I'll admit, when I heard that co-directors Anthony and Joe Russo ("Community," "Arrested Development," YOU, ME and DUPRESS; WELCOME TO COLLINWOOD) were at the helm of THE WINTER SOLDIER, I liked the idea in theory but wasn't sure how they'd pull off something this vast. Turns out that by focusing on their strengths in character-driven stories, the more action-driven stuff took care of itself. Everyone gets a moment here, and it never feels forced. We learn that Black Widow has secrets about her life that she'd rather not have out there; she's also attempting to match-make Rogers with a few of the women at S.H.I.E.L.D.; Fury gets at least one major solo action sequence that gives us a better idea than ever before that he's a soldier first and a spy second; and practically every moment with Falcon does a fantastic job expanding our enjoyment of just having him on screen. If he doesn't play some role in AVENGERS: AGE OF ULTRON, it will be lesser for it. (WINTER SOLDIER's final moment makes it pretty clear that Falcon will be a major part of the third CAPTAIN AMERICA movie.)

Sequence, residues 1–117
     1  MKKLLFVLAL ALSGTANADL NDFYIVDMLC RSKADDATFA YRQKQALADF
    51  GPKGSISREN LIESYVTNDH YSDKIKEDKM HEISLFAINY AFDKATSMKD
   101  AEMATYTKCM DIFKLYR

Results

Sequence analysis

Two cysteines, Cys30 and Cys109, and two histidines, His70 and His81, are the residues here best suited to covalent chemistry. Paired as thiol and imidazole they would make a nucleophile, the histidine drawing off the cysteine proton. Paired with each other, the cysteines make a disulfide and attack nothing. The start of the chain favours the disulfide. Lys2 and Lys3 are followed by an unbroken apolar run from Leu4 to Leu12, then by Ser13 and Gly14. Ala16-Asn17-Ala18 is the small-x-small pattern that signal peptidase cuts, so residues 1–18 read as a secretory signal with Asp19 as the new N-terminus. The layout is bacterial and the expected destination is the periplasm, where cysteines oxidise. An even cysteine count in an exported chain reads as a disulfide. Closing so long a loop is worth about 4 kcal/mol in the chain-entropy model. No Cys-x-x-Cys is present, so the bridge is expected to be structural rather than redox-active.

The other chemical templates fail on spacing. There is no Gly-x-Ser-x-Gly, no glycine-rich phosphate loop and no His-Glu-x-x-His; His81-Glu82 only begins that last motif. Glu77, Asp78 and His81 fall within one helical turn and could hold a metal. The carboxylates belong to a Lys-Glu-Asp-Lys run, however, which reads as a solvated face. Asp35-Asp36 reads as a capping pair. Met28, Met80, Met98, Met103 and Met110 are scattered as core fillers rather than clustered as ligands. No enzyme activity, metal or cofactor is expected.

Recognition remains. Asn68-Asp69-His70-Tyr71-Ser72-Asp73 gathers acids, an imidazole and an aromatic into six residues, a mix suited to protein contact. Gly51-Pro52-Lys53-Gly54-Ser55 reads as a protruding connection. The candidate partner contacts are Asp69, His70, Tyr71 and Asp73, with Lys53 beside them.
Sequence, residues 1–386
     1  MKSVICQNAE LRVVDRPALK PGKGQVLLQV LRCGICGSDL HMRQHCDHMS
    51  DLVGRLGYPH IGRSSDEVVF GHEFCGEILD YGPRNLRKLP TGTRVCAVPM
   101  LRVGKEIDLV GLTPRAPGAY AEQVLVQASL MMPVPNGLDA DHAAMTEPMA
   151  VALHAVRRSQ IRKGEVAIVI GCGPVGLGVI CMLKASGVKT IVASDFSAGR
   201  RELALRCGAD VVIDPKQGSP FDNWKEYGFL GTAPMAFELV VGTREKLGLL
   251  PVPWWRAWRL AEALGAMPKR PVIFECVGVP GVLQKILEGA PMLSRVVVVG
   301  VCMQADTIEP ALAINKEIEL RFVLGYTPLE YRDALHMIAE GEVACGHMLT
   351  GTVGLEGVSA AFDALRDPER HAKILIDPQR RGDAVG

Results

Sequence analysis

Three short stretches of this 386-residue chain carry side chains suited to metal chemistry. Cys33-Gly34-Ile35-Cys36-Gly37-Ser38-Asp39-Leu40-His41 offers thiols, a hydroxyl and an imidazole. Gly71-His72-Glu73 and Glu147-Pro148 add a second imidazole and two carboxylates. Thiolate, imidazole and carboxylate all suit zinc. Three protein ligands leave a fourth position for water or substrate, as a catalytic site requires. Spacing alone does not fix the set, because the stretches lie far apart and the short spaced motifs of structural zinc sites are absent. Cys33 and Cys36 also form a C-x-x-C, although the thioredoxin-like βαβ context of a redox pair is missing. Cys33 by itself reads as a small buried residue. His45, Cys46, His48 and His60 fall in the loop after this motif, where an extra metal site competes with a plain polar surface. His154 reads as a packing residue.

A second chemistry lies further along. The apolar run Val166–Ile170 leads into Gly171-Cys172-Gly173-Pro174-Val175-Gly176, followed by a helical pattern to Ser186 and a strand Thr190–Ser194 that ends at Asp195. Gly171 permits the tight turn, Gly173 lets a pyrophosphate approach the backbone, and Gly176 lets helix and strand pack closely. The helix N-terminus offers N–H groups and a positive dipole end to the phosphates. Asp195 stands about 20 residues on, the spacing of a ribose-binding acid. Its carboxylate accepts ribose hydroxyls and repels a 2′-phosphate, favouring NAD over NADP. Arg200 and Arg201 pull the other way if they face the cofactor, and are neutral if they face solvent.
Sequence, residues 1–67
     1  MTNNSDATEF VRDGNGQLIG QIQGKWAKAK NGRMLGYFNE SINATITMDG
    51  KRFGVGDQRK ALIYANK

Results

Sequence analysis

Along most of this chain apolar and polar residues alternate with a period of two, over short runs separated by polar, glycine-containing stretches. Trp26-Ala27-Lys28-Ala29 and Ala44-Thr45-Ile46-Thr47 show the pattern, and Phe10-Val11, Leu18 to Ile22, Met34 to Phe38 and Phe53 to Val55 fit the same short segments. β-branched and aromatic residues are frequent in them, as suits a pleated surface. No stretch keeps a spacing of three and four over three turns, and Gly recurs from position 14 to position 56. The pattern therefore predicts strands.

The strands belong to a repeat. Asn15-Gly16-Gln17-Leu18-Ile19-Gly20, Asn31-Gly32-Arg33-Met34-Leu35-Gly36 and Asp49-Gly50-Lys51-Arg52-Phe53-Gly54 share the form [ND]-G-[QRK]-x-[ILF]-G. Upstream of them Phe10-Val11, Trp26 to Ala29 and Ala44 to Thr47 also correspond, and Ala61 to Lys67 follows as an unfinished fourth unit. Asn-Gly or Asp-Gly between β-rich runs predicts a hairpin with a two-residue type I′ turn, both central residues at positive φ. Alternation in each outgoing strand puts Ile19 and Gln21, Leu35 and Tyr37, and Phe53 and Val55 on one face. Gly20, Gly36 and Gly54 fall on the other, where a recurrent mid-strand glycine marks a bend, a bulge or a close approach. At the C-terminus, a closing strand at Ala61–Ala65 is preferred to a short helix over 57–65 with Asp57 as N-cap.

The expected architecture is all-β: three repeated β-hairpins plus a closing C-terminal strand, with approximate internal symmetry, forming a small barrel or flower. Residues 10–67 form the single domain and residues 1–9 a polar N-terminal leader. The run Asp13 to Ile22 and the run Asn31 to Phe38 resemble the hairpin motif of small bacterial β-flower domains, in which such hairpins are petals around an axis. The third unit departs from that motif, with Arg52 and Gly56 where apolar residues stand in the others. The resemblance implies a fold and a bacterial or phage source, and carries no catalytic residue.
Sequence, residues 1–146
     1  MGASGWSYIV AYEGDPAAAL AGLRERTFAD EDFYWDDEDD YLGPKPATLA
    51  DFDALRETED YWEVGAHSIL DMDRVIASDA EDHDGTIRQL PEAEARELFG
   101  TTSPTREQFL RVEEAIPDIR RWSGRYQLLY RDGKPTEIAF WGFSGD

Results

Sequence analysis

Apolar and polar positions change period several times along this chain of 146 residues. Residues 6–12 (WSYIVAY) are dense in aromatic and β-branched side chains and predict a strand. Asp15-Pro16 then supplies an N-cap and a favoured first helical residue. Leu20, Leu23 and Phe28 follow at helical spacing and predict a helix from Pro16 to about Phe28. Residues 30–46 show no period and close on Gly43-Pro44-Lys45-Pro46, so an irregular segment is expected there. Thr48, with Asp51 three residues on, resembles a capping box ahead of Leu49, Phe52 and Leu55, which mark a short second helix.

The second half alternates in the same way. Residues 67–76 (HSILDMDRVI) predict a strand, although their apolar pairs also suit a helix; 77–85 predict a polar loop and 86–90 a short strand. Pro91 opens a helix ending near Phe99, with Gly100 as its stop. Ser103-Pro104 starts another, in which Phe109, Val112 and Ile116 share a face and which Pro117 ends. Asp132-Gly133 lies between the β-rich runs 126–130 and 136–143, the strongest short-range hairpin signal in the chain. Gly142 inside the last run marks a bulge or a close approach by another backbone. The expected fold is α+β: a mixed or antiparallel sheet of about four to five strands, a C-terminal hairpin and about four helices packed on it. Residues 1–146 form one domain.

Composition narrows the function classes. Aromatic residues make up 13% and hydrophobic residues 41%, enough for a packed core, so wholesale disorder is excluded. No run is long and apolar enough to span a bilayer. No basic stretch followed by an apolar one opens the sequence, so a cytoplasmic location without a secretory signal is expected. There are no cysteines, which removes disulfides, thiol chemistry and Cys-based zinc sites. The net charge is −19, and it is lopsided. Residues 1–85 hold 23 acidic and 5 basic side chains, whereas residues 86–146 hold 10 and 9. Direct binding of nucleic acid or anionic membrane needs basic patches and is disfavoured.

But the most interesting and unexpected moments in THE WINTER SOLDIER are the ones where we witness Captain America slowly lose faith in all that he believed in as a kid from Brooklyn the 1940s. He learns to be distrustful of everyone: the military, government, even Fury (ironically, it's Fury who tells him to trust no one in a particularly critical moment). The film uses Redford's trustworthy demeanor to cleverly keep suspicion off of him for a time, but that doesn't stay true for long. As a result, we actually fear him the most because he seems like a reasonable man; we soon discover this not to be the case.
For true comic book nerds, the film includes a few nice name drops and supporting characters (both familiar and new) scattered throughout that should get you giddy. But what kept me the most fascinated by CAPTAIN AMERICA: THE WINTER SOLDIER was how perfectly in synch everything is with what has come before it and within the realm of Captain America as a symbol of a bygone age whose innocence may not have a place in this world. Of the three Phase 2 Marvel films so far, this feel like the most direct sequel to THE AVENGERS, but it also works best as a stand-alone piece. I know some of you are eagerly awaiting the Marvel Cinematic Universe to truly stumble, but I'm afraid you're going to have to wait a little longer because THE WINTER SOLDIER is one of its best chapters.
-- Steve Prokopy